Each of Pettrey's Novels Has Been a Multi-Month BestsellerFBI agent Declan Grey is in the chase of his lifebut isn't sure exactly what he's chasing after. Threatened by a terrorist that "the wrath is coming," Grey fears something horrible is about to be unleashed on American soil. When his investigation leads him to a closed immigrant community, he turns to Tanner Shaw to help him. She's sought justice for refugees and the hurting around the world, and if there's anyone who can help him, it's Tanner. Tanner Shaw has joined the FBI as a crisis counselor . . . meaning she now has more opportunity to butt heads with Declan. But that tension also includes a spark she can't deny, and she's pretty sure Declan feels the same. But before anything can develop between them, they discover evidence of a terror celland soon are in a race against the clock to stop the coming "wrath" that could cost thousands their lives.
About the Author
Dani Pettrey is the bestselling author of the Chesapeake Valor series and the Alaskan Courage series and winner of the 2014 Daphne du Maurier award for Inspirational Novel, the 2014 Christian Retailing's Best Award for Suspense, and the 2013 Holt Medallion for First Novel. She and her husband reside in the D.C. Metro area. She can be found online at www.danipettrey.com.
Read an Excerpt
Declan Grey started his day as he did every other. He showered, shaved, dressed, drank a strong cup of black coffee, ate two slices of cinnamon-and-sugar toast, and then headed out the door to work, calling his friend Griffin for a quick chat as he drove.
The office was humming when he arrived, and he was pleased he'd made it nearly half an hour early, despite 695's horrific morning commute.
Today was the meeting he'd been pushing for with his boss for nigh on a month. An attack was headed for U.S. soil, and no one was doing a thing to acknowledge it — let alone stop it.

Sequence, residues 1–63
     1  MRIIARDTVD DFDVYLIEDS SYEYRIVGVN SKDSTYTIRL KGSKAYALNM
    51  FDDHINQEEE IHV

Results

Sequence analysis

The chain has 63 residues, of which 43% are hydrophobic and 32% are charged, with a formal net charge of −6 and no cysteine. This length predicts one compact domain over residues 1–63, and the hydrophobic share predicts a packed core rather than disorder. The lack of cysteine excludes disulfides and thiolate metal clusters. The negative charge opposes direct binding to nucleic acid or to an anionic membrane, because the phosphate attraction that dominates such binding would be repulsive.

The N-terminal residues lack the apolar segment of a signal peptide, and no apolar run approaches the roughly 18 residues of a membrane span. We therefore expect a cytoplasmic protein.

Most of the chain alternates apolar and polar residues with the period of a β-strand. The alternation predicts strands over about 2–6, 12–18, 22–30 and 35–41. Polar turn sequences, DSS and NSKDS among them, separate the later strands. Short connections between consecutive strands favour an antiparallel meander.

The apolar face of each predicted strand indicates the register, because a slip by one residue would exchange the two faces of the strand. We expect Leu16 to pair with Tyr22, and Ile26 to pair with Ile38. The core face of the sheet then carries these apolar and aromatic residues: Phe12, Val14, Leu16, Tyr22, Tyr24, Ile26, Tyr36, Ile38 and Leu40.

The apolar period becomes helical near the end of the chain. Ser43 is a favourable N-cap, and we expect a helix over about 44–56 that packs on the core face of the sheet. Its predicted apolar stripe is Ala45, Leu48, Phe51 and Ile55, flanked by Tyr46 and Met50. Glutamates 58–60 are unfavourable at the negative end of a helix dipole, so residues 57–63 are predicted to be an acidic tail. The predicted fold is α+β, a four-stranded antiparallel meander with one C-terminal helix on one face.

He entered the meeting room, planning to have time to run back through his argument before Alan King showed, but his boss was already there, deep in conversation with a woman.
Both had their backs to him.
The woman was five foot seven, athletically lean and toned, her brown hair almost identical in shade to Tanner's. His gut sunk. Tanner.
It was Tanner. He knew her — knew the way she angled her head so her hair fell slightly over her right shoulder when she was deep in thought, knew the graceful curve of her neck, knew ... too much. He cleared his throat, and they both turned.
The black dress she wore fit well, falling mid-knee, a few inches of fabric caressing the subtle line across her shoulders, leaving him wanting to ... He shook off the thought, frustrated.
Something captivatingly drew him to her ... and yet strangled him at the same time — as if he were underwater in her presence. All sound evaporated, he couldn't breathe, his vision grew limited, until all he saw was her. It was surprisingly peaceful, albeit alarmingly disorienting.
It had begun the day she'd entered his life, nearly a year earlier, showing up in his hospital room, dressed like a nurse, bent on obtaining answers about her friend's murder.
The surprising sensation he experienced in her presence had steadily grown in intensity until it now engulfed all else. He wasn't sure if he liked the effect or if he was drowning in it. His heart said the first, his head the latter.
One plus was his certainty that he no longer felt anything but friendship for Kate Maxwell — hadn't for months now — and considering how deeply in love she was with Luke Gallagher, the man who'd been his best friend for years, before his disappearance over seven years ago ... it was a very good change. His crush on Kate was over, and in hindsight that's all it had been — a crush, along with genuine friendship, of course. But now ... now he was drowning in the middle of an unanticipated ocean and a part of him reveled in being surrounded by the unknown.
He had the decision before him: fight the undertow or give in to his feelings and see where the current pulled him.
"Agent Grey," Alan said, stealing back his attention, "I'd like you to meet the Bureau's newest crisis counselor."
Declan blinked. Had Alan seriously just said —?
"We're well acquainted," Tanner said, before he could finish his thought.
She settled into one of the conference room chairs, and he sat down beside her, his shoulders stiff. "Not sure I'd say well ..."